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Bio 500 Research Spotlight: Samuel Kim on the Kummer Lab

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Though I originally arrived at WashU set on attending medical school, my experience in the Kummer lab through Bio 500 and the interactions with my professors and valued mentors have led me to reconsider. I am grateful to have realized that research is a stimulating process of continual growth that I want to pursue as a career, and I am hopeful for the findings that our generation of neuroscientists will discover about the complex organ that makes us human.

Faculty Spotlight: Heather Barton

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Heather Barton grew up in Meadville, a tiny town in western Pennsylvania. She completed her undergrad work at Grove City College near her hometown. Her family, including her parents and four sisters, lived a quiet country lifestyle. She spent many hours as a child playing outside in the dirt, in streams and in the woods. Nature was a big part of her life from a very young age and her desire to figure out how things work in nature was a driving force behind her interest in biology.

Faculty Spotlight: Mary Lambo

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How does sensory processing lend itself to life as we know it? If our experiences materialize due to sensory transduction, do these processes inspire our entire perspective? These questions sparked Mary Lambo’s interest in neuroscience and eventually motivated her research in neural plasticity and sensory processing. As new teaching faculty at Wash U, Mary now guides students through fundamental neuroscience concepts and challenges them to discover their own motivating questions.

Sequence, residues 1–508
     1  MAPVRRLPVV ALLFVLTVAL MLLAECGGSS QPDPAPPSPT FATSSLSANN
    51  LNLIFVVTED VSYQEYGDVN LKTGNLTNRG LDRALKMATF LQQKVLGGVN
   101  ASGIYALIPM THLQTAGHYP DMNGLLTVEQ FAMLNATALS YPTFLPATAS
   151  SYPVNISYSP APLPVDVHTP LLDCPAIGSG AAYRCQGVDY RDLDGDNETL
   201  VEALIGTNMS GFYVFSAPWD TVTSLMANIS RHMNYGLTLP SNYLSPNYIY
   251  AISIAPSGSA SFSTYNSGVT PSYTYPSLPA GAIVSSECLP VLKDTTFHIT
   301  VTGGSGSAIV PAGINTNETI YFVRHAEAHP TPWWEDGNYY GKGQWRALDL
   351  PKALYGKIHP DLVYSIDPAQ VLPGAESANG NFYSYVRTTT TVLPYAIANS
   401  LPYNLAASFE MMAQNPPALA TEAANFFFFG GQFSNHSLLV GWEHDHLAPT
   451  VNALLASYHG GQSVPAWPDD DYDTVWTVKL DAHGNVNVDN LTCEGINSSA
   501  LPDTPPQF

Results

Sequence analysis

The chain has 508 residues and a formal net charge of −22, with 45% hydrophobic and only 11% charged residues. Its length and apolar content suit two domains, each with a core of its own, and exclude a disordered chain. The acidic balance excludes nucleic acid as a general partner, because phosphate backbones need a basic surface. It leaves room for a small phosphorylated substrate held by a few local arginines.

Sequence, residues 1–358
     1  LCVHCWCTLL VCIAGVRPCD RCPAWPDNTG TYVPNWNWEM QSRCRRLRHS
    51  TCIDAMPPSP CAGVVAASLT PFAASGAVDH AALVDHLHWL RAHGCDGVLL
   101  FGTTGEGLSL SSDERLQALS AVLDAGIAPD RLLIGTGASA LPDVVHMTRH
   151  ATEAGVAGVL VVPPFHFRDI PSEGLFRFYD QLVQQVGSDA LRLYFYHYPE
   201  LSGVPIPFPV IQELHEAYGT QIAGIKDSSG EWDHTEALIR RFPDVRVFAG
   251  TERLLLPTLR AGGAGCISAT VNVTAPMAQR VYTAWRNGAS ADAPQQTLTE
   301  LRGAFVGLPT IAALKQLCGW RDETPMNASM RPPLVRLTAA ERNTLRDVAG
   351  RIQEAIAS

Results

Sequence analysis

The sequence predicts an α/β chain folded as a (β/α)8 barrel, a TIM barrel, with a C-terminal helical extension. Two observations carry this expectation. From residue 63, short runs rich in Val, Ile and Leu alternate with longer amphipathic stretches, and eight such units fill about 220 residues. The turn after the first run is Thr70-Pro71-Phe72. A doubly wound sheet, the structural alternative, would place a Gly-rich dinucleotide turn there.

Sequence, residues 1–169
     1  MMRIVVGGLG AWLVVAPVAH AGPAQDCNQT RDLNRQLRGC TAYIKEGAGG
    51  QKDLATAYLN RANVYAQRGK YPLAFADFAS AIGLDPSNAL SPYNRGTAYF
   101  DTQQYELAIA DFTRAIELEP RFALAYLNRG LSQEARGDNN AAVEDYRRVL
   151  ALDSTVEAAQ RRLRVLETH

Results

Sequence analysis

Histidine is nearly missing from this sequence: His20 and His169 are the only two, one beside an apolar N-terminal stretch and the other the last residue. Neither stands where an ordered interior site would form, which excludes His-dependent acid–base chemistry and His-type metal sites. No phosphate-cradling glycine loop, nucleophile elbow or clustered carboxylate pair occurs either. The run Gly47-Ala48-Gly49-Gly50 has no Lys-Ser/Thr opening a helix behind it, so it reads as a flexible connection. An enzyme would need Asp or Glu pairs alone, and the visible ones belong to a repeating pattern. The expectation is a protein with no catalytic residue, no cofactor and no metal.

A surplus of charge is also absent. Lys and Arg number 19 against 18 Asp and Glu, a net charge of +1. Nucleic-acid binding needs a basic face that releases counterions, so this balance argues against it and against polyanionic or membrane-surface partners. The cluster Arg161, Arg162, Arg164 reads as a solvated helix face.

Bio 500 Research Spotlight: Benjamin French on the Elgin Lab

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I have been working in Dr. Elgin’s lab for the past two and a half years to analyze the characteristics of an unusual chromosome in Drosophila (fruit flies). The fourth chromosome of Drosophila melanogaster is unusual because this tiny chromosome is almost entirely heterochromatic yet contains about 80 protein-coding genes. In the Elgin lab, we use a combination of DNA manipulation experiments done in the wet lab and bioinformatic analyses done on the computer to identify factors that enable the expression of fourth chromosome genes within a mostly heterochromatic domain.

Faculty Spotlight: Joseph Jez, Biology Chair

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Joseph Jez began his work with the Biology Department ten years ago as an assistant professor. He is now Professor of Biology, Howard Hughes Medical Institute Professor and as of July 1, 2018 the Biology Department Chair. We sat down to talk about the changes he’s witnessed over the last decade as well as what he would like to see in the future.

Interview with undergrad Daniel Berkovich about the American Society of Plant Biologists SURF

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"I am motivated to conduct my research not only because I find it personally interesting, but because it grants me the privilege to contribute to the greater scientific community."

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